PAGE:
Hari Sekhon wrote:
> I also use this a lot and would be interested in a solution to this.
>
> To my knowledge it requires the password when invoked initially to
> decrypt the private key.
>
> There seems to be every option except that one you've asked for.
> Alternatives could be to lock and unlock your agent to prevent
> unattended logins, but this is nearly as much hassle as not using the
> agent at all and manually entering the password to decrypt the private
> on every use...
>
> Or to require a lifetime on the key loaded, but again, not 100%
> convenient.
>
> If anyone knows an answer to this, I'd also like to change my agent
> behaviour to this... I suspect that the software does not support such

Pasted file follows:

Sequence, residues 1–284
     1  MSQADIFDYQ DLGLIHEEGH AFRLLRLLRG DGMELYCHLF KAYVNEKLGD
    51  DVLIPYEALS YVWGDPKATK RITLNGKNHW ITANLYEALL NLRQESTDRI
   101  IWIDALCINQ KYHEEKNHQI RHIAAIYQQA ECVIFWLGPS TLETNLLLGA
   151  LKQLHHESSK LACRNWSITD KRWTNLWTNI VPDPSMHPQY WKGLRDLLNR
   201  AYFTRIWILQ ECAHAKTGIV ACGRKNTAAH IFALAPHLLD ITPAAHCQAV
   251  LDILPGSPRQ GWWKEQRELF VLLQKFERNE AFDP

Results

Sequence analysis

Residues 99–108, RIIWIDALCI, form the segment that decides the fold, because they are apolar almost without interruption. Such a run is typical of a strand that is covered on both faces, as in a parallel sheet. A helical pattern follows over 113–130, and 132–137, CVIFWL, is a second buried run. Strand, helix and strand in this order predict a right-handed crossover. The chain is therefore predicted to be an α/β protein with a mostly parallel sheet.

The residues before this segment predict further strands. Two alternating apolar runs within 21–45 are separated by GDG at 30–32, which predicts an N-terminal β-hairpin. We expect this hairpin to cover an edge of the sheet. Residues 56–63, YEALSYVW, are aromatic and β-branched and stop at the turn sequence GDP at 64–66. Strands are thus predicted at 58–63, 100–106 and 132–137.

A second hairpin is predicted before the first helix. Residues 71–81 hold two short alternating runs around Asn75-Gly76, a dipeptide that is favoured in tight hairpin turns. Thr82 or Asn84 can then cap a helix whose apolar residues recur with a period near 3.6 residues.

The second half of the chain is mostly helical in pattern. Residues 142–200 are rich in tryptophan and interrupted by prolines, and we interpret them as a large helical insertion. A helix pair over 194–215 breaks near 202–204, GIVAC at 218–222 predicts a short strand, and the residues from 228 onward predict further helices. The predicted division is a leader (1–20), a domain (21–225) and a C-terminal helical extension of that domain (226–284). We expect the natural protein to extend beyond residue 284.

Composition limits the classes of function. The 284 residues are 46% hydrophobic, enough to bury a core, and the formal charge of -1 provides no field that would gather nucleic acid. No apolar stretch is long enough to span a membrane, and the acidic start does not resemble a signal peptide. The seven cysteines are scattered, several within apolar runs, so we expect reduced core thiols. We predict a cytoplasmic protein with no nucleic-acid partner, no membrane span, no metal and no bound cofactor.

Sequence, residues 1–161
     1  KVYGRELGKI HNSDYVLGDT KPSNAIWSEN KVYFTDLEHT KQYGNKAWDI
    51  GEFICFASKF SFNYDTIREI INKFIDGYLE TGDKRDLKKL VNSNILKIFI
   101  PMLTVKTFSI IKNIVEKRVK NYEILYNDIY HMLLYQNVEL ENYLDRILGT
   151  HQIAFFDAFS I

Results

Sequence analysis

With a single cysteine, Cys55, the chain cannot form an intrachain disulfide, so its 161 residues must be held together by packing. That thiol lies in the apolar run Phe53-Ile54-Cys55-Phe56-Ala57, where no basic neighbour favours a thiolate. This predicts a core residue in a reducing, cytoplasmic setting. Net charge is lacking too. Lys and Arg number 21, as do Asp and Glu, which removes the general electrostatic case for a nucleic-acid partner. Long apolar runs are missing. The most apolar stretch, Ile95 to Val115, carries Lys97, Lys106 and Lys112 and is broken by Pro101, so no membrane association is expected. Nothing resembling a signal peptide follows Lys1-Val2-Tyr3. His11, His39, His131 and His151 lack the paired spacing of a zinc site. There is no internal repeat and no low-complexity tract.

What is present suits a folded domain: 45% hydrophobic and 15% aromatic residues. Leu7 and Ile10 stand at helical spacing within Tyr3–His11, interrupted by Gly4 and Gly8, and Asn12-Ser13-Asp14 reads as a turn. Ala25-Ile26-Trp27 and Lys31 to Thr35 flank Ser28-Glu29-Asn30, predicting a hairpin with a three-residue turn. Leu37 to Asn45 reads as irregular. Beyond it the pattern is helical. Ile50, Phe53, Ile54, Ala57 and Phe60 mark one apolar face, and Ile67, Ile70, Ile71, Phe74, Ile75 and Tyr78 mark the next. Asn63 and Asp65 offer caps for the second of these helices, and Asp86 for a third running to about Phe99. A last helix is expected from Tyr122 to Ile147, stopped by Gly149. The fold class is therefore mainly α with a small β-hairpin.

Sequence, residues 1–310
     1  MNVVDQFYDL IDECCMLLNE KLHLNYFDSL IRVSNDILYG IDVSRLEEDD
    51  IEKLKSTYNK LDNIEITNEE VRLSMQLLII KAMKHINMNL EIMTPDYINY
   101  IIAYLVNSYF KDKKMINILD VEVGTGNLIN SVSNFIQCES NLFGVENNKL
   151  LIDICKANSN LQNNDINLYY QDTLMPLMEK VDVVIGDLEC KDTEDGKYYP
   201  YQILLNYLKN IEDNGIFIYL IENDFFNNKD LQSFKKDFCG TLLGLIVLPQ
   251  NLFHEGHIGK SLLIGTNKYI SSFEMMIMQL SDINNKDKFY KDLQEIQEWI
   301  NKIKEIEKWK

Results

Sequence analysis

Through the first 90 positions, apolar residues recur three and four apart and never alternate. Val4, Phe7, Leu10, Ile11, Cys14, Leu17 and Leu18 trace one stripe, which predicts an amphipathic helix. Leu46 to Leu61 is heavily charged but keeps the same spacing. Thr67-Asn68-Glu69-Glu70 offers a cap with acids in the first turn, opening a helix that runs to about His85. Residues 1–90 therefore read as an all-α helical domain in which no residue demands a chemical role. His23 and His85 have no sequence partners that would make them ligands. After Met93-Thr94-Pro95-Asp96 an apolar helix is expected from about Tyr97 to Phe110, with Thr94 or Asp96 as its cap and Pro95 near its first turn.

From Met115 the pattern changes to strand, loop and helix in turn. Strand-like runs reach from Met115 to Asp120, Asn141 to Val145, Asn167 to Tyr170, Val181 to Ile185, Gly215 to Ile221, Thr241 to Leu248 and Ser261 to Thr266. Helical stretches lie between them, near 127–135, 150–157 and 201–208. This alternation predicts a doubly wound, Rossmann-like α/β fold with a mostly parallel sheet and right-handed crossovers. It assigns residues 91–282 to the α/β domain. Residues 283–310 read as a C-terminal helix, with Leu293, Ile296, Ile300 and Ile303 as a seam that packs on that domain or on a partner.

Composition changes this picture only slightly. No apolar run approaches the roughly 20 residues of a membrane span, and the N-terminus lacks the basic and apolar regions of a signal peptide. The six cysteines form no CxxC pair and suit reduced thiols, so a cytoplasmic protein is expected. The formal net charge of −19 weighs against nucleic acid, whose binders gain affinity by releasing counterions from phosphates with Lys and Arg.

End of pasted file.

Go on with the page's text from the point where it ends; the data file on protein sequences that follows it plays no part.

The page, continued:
> a feature at this time...
>
> As a workaround, you could function off all ssh calls to invoke the
> agent, check if it has your key and if not, then source it, asking you
> for the password one time, and then retaining it and using it for
> every future connection. Now I think about this, it's very easy to do
> in Bash....
>
> -h
>
> Hari Sekhon

I've done created a Bash solution for now,

alias ssh="ssh-add -l >/dev/null; if [ \$? = 1 ]; then ssh-add; fi; ssh"

hardly elegant, but it does the job. I'm not aware of any technical
reason why ssh-add couldn't defer requesting a password until its
required. If you use ssh without an agent, it only prompts for the
passphrase once its established that it can use the key to authenticate
itself. Looking at the relevent RFC this is by design, so that the
client only incurs the overheads of authenticating with a key if it
knows it can use it. Perhaps there's limitation is in the way that ssh
communicates with the agent.

Chris